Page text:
“It’s all very well, letting children follow their own interests, but my daughter only wants to do one thing. She’s not interested in science or maths or writing… All she wants to do is cook and how’s that going to satisfy the educational authorities?” a hypothetical mother asks.
What would I do if one of my girls only wanted to cook, and wouldn’t consider learning anything else? I might try an idea I picked up at the very first homeschool conference I ever attended.
“Let’s pretend your child’s one interest is frogs.” Jane’s words spill out quickly, one after another. She has so much to say and only a couple of hours to say it. She chalks the word, ‘frogs’ on the centre of the blackboard in large letters. “’Frogs’ is just the starting point. Let’s see where that can lead us!” Jane does a little thinking out loud as she bounces about in front of us. Soon she is associating frogs with maths, science, geography, history, writing, personal health and development, creative arts… Her excitement and enthusiasm are contagious. We start offering ideas too. Before long the blackboard is full of words. Jane has drawn a mind map.
“A mother I know,” says Jane, “presented a similar frog mind map as her homeschooling plan for her son’s registration, and it satisfied the Board of Studies. It covered all the key learning areas.”
But back to my hypothetical one-interest child… What if I constructed a ‘cooking’ mind map? I might add such words as these…
maths: fractions, multiplication, division, measuring volumes and masses, temperatures and time, shopping and money…
science: chemical reactions, pasteurisation, freezing, dried foods, plants, fruits, vegetables, herbivores, carnivores, omnivores, food chains, food production, farms, organic food, GM foods, genetics, making a vegetable garden, visiting markets, garden centre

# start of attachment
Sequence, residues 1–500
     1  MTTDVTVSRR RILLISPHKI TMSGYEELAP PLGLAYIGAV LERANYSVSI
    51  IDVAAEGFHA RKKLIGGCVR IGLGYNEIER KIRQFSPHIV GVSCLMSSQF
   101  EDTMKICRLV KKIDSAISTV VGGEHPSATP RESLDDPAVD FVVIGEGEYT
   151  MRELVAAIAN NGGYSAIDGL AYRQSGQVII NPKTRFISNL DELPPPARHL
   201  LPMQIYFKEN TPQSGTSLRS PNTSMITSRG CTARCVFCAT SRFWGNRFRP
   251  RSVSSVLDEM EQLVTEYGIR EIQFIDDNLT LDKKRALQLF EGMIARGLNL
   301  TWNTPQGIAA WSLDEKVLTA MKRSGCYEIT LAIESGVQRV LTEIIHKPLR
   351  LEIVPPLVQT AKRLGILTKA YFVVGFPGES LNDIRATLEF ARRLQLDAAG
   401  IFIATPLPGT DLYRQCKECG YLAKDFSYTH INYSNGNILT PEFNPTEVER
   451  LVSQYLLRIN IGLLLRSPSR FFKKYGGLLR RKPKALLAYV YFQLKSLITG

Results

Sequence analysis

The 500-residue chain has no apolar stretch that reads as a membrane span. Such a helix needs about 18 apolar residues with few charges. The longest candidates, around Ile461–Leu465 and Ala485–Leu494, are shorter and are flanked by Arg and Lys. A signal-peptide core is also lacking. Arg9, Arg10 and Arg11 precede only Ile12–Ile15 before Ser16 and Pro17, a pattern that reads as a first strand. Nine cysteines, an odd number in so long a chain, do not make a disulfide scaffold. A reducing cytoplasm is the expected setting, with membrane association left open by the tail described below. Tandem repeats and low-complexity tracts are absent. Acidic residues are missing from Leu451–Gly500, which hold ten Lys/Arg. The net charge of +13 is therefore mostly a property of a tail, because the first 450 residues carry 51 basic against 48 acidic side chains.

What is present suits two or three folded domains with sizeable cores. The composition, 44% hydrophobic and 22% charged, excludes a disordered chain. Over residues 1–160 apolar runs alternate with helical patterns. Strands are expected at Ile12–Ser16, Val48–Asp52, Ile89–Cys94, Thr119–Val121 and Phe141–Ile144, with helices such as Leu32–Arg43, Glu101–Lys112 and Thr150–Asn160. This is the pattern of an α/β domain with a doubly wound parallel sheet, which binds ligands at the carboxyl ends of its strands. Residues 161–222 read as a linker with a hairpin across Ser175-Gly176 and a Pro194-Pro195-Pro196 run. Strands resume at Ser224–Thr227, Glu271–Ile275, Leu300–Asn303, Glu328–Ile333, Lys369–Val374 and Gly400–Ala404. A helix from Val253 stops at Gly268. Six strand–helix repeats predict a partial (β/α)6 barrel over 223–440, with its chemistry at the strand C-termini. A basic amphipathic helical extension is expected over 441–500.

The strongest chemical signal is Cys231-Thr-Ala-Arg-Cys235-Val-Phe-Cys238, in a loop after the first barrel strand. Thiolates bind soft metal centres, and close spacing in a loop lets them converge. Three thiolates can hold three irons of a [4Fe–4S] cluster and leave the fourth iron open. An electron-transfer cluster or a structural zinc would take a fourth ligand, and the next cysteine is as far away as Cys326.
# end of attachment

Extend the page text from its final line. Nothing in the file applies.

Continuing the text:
history: food associated with different periods in history, eating customs, historical TV series
geography: food of different countries, different cultures, cooking shows set in different countries
personal development: nutrition, digestion, care of teeth, issues such as the low fat industry, sugar, obesity, exercise, hygiene and safe food handling, safety in the kitchen, first aid for burns
foods associated with the liturgical calendar, feast days, saints, family celebrations, cultural celebrations, historical celebrations
creative and practical arts: trying new recipes, famous chefs, cooking shows and filming, presentation and customer service, photographing food, cooking techniques and tools
English: writing, cooking journal or scrapbook, recipe files, cooking words: glossary, reading, demonstrating
Now these ideas are just a start. I’ve only been thinking for a few minutes. I bet there are many more that could be added.
Once my mind map is constructed I wouldn’t use it as a homeschool plan that I’d present to my child. Instead I would use it as a starting point for finding appropriate resources to enrich her environment, to show her some possibilities she might be unaware of. I might find some books…
I’d search Youtube for cooking shows set in different countries such as Jamie’s Great Italian Escape. How about the TV series Supersizers for a look at food in British history, or the series A Taste of History?I could make a list of places to visit. I’d search our library catalogue and also our own bookshelves.
Once I had a few resources on hand I’d start strewing them, tempting my one-interest child to spread her wings and set off in new directions.
But of course, my child might not like any of my strewing ideas. She may very well just want to keep on experimenting in the kitchen in her own way. So will all my work go to waste? No! At the very least, I might discover something I’d like to explore… like all those cooking shows for example, and the great sugar debate too… and maybe I could construct and plant a vegetable garden… and later I could always share what I found out, if anyone is interested in listening.
After Jane tells us how the frog plan satisfied the Board of Studies, she adds, “But by the time the mother was ready to put the plan into action, her son was no longer interested in frogs, so she didn’t actually use it.” She laughs. “The boy had satisfied his curiosity and was ready to move onto new things.”
Maybe some kids just like to concentrate on one thing at a time. They’ll move onto something else when they’re ready. Perhaps having only one current interest isn’t a problem at all. What do you think?
PS I haven’t read all the books or viewed the Youtube videos. They are only suggestions and I am not personally recommending them. They still might be good though.